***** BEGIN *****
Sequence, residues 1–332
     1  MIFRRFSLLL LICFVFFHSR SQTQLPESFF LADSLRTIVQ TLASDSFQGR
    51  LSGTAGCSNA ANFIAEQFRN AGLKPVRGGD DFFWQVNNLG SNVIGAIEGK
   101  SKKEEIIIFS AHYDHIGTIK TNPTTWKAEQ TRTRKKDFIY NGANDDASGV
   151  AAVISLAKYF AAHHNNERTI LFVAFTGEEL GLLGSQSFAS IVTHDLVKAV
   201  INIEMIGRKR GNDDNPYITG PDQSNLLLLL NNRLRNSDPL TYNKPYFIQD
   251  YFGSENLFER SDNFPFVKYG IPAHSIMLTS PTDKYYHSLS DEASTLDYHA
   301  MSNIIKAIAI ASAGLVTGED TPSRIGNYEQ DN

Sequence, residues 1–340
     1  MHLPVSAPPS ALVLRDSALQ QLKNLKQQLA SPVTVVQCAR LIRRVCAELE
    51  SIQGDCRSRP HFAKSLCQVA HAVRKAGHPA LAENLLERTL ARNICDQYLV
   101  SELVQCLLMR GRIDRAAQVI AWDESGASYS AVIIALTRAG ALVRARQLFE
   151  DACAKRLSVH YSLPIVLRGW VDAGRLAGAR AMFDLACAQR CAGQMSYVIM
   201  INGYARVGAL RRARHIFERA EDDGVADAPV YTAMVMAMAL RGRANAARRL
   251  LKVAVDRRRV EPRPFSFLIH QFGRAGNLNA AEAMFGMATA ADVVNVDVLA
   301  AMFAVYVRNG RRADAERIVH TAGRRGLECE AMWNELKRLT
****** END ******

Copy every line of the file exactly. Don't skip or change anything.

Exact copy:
Sequence, residues 1–332
     1  MIFRRFSLLL LICFVFFHSR SQTQLPESFF LADSLRTIVQ TLASDSFQGR
    51  LSGTAGCSNA ANFIAEQFRN AGLKPVRGGD DFFWQVNNLG SNVIGAIEGK
   101  SKKEEIIIFS AHYDHIGTIK TNPTTWKAEQ TRTRKKDFIY NGANDDASGV
   151  AAVISLAKYF AAHHNNERTI LFVAFTGEEL GLLGSQSFAS IVTHDLVKAV
   201  INIEMIGRKR GNDDNPYITG PDQSNLLLLL NNRLRNSDPL TYNKPYFIQD
   251  YFGSENLFER SDNFPFVKYG IPAHSIMLTS PTDKYYHSLS DEASTLDYHA
   301  MSNIIKAIAI ASAGLVTGED TPSRIGNYEQ DN

Sequence, residues 1–340
     1  MHLPVSAPPS ALVLRDSALQ QLKNLKQQLA SPVTVVQCAR LIRRVCAELE
    51  SIQGDCRSRP HFAKSLCQVA HAVRKAGHPA LAENLLERTL ARNICDQYLV
   101  SELVQCLLMR GRIDRAAQVI AWDESGASYS AVIIALTRAG ALVRARQLFE
   151  DACAKRLSVH YSLPIVLRGW VDAGRLAGAR AMFDLACAQR CAGQMSYVIM
   201  INGYARVGAL RRARHIFERA EDDGVADAPV YTAMVMAMAL RGRANAARRL
   251  LKVAVDRRRV EPRPFSFLIH QFGRAGNLNA AEAMFGMATA ADVVNVDVLA
   301  AMFAVYVRNG RRADAERIVH TAGRRGLECE AMWNELKRLT